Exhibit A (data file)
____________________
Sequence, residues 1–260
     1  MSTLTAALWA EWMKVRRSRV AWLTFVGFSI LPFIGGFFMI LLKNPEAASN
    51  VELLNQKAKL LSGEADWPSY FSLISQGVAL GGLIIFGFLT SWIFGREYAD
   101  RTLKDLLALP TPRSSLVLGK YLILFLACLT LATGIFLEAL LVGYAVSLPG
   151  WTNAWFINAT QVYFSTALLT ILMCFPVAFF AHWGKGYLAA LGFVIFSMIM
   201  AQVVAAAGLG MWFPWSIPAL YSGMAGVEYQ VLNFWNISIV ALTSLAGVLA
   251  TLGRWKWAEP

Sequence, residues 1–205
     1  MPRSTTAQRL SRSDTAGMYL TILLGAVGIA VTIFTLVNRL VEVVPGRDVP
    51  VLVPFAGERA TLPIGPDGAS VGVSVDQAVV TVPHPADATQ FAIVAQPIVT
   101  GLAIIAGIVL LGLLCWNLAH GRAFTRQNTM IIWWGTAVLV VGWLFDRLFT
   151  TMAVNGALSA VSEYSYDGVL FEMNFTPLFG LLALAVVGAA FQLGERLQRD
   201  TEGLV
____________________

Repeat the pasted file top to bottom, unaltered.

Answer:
Sequence, residues 1–260
     1  MSTLTAALWA EWMKVRRSRV AWLTFVGFSI LPFIGGFFMI LLKNPEAASN
    51  VELLNQKAKL LSGEADWPSY FSLISQGVAL GGLIIFGFLT SWIFGREYAD
   101  RTLKDLLALP TPRSSLVLGK YLILFLACLT LATGIFLEAL LVGYAVSLPG
   151  WTNAWFINAT QVYFSTALLT ILMCFPVAFF AHWGKGYLAA LGFVIFSMIM
   201  AQVVAAAGLG MWFPWSIPAL YSGMAGVEYQ VLNFWNISIV ALTSLAGVLA
   251  TLGRWKWAEP

Sequence, residues 1–205
     1  MPRSTTAQRL SRSDTAGMYL TILLGAVGIA VTIFTLVNRL VEVVPGRDVP
    51  VLVPFAGERA TLPIGPDGAS VGVSVDQAVV TVPHPADATQ FAIVAQPIVT
   101  GLAIIAGIVL LGLLCWNLAH GRAFTRQNTM IIWWGTAVLV VGWLFDRLFT
   151  TMAVNGALSA VSEYSYDGVL FEMNFTPLFG LLALAVVGAA FQLGERLQRD
   201  TEGLV